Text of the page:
Author Topic: Abortion and Politics  (Read 74184 times)

pearson

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Re: Abortion and Politics
« Reply #75 on: September 26, 2012, 09:30:43 AM »

That seems to be a stretch.  I don't think that very many people would agree with that.  Abortifacient seems to be a buzz word and should probably not be used in discourse.


Which discourse?  Medical discourse and poltiical discourse are often incongruent.  While "abortifacient" might be used as an epithet to manipulate political discourse (as are terms like "choice" and "hate" and "racism"), it is the correct term in medical discourse when referring to the effect of IUDs on the zygote.

Tom Pearson

peter_speckhard

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Re: Abortion and Politics
« Reply #76 on: September 26, 2012, 09:33:34 AM »
However one terms it and whatever the legal distinctions, there can be no question that we're a society that increasingly organizes itself around the assumption that sterile orgasms are the among the highest humanly achievable goods.

Norman Teigen

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Re: Abortion and Politics
« Reply #77 on: September 26, 2012, 09:46:19 AM »
That seems like a stretch.   
Norman Teigen

Charles_Austin

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Re: Abortion and Politics
« Reply #78 on: September 26, 2012, 10:08:58 AM »
 Peter writes:
...assumption that sterile orgasms are the among the highest humanly achievable goods.

I comment:
So it is only baby-making orgasms that have value? Don't know where you are going or what is at stake here, for the physical act to which you refer is a - in terms of material "value" - a rather low-priced commodity.
Society seems to "organize itself" around the assumption that getting money for oneself and spending it on oneself is the "highest humanly achievable" good. I find that a greater threat than the presence of a natural God-given physical act of pleasure and relationship.

resident episcopalian

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Re: Abortion and Politics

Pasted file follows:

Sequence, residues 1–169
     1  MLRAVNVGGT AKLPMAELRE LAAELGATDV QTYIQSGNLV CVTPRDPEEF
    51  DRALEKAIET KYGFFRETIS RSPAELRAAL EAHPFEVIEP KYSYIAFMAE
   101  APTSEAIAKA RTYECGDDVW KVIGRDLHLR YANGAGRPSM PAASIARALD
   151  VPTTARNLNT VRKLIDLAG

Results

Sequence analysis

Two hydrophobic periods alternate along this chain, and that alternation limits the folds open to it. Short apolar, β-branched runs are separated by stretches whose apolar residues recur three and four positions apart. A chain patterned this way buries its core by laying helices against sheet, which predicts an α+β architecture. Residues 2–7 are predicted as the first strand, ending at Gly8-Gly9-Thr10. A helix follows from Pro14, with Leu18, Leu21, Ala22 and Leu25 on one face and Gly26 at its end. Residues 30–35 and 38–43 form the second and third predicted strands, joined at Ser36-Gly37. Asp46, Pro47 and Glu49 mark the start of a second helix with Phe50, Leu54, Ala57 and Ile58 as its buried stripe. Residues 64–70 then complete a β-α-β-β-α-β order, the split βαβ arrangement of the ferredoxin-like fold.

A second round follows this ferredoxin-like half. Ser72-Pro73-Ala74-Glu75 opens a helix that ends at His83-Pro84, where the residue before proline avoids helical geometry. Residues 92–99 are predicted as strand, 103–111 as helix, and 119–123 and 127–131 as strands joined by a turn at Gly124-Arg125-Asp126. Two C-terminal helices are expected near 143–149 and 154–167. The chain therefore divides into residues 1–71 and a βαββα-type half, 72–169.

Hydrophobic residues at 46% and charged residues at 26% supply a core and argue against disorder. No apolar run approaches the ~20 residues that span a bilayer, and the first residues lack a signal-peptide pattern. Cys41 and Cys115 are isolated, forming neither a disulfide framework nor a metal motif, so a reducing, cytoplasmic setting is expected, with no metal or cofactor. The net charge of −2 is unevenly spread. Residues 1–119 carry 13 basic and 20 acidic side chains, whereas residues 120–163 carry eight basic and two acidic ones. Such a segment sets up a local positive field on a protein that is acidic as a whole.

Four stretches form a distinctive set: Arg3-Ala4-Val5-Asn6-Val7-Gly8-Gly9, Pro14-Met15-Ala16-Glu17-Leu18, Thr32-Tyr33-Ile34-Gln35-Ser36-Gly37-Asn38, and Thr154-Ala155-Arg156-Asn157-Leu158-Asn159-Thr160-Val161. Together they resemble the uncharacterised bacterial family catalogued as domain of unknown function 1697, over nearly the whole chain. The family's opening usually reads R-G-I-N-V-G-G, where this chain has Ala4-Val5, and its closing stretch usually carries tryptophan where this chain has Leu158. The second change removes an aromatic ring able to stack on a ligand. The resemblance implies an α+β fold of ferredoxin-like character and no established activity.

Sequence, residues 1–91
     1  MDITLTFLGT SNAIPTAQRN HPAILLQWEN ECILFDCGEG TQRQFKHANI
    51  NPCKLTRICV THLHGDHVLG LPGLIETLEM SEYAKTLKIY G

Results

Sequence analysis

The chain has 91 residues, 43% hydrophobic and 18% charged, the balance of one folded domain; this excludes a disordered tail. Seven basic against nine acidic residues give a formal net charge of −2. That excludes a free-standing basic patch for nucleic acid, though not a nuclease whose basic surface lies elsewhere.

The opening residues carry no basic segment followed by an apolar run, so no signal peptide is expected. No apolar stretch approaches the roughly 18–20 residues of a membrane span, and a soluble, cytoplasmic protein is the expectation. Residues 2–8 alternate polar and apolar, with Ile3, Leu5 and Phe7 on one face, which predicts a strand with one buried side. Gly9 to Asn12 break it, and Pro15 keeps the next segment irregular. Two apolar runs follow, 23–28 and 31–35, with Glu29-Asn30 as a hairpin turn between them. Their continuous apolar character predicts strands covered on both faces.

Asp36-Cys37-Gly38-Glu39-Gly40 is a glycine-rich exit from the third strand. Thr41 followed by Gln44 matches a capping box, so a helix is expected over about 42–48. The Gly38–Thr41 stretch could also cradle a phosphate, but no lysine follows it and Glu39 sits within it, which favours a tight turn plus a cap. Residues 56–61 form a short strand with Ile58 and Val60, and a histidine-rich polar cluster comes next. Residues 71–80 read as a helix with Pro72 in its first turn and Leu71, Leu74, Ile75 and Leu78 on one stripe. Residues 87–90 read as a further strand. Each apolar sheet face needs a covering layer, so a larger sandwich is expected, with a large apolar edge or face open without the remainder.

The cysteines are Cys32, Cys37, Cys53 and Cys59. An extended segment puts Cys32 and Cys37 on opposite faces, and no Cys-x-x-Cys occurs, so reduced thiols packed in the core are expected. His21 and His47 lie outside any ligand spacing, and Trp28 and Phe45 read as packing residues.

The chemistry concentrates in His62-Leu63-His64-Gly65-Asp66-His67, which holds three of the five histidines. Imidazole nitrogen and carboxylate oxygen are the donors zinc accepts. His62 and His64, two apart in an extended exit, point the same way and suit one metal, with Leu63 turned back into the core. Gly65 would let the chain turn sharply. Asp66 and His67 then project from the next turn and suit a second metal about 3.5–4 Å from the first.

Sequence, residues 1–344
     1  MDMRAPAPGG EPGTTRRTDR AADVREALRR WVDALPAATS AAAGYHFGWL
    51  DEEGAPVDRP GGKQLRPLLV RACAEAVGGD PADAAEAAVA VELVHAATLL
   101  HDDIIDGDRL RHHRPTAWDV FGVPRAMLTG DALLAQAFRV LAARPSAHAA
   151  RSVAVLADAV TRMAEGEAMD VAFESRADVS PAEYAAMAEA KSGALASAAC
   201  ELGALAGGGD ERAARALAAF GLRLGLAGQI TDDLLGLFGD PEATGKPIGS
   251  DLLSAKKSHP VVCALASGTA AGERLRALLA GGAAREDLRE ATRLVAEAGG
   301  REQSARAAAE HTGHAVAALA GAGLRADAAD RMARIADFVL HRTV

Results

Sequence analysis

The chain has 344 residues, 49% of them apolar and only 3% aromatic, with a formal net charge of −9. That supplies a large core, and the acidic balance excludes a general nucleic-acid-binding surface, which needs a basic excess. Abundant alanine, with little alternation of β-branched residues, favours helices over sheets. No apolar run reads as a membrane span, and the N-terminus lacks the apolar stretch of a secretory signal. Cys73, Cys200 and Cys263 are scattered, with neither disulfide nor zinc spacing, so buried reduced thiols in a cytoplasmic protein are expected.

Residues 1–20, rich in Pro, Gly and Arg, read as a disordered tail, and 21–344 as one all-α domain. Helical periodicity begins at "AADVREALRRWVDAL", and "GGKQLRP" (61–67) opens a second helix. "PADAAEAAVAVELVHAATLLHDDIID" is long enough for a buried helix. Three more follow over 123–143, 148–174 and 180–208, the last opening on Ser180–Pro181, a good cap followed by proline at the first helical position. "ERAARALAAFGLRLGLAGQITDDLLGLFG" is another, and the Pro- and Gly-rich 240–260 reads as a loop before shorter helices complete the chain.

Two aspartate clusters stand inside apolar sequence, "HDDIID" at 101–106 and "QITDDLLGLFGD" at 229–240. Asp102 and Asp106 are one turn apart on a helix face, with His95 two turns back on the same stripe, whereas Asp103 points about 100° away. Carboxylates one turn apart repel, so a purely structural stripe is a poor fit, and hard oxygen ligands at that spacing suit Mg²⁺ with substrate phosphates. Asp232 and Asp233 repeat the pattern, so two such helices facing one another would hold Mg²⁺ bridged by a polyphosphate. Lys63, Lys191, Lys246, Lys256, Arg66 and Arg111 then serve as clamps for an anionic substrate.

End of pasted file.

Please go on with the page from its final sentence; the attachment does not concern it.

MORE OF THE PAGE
« Reply #79 on: September 26, 2012, 10:17:40 AM »
Current research in reproductive medicine does not support the claim that the IUD is an abortifacient at all.  Studies done in the last 20 years demonstrate that its primary effect is to change the lining of the cervix and make it difficult for sperm to travel to the egg.  The IUD actually works much earlier in the reproductive process than was thought in the 1970s.  The IUD does not prevent implantation of a zygote, as evidenced by the fact that 1 in 100 IUD users does, in fact, get pregnant.

The idea that the IUD is an abortifacient has long been discredited.  Pro life professionals like yourself will make a better case for abstinence and against teen promiscuity (and abortion) when you are better informed about current medical research on the effects of contraception.

Perhaps the 1970s misconception that the IUD worked to prevent implantation was due to the very high number of fertilized eggs which naturally do not implant.  Depending upon which research you read, the number of fertilized eggs which fail to implant (in non contraceptive users) is between 48 and 80 percent.

Team Hesse

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Re: Abortion and Politics
« Reply #80 on: September 26, 2012, 10:35:01 AM »
Peter writes:
...assumption that sterile orgasms are the among the highest humanly achievable goods.

I comment:
So it is only baby-making orgasms that have value? Don't know where you are going or what is at stake here, for the physical act to which you refer is a - in terms of material "value" - a rather low-priced commodity.